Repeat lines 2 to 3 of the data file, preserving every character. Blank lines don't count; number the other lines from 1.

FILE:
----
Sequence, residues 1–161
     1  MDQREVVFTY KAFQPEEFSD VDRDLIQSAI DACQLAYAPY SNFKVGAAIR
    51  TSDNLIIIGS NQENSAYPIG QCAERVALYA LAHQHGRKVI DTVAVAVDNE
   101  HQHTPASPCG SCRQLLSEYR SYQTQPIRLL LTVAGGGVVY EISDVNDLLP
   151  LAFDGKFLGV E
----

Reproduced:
     1  MDQREVVFTY KAFQPEEFSD VDRDLIQSAI DACQLAYAPY SNFKVGAAIR
    51  TSDNLIIIGS NQENSAYPIG QCAERVALYA LAHQHGRKVI DTVAVAVDNE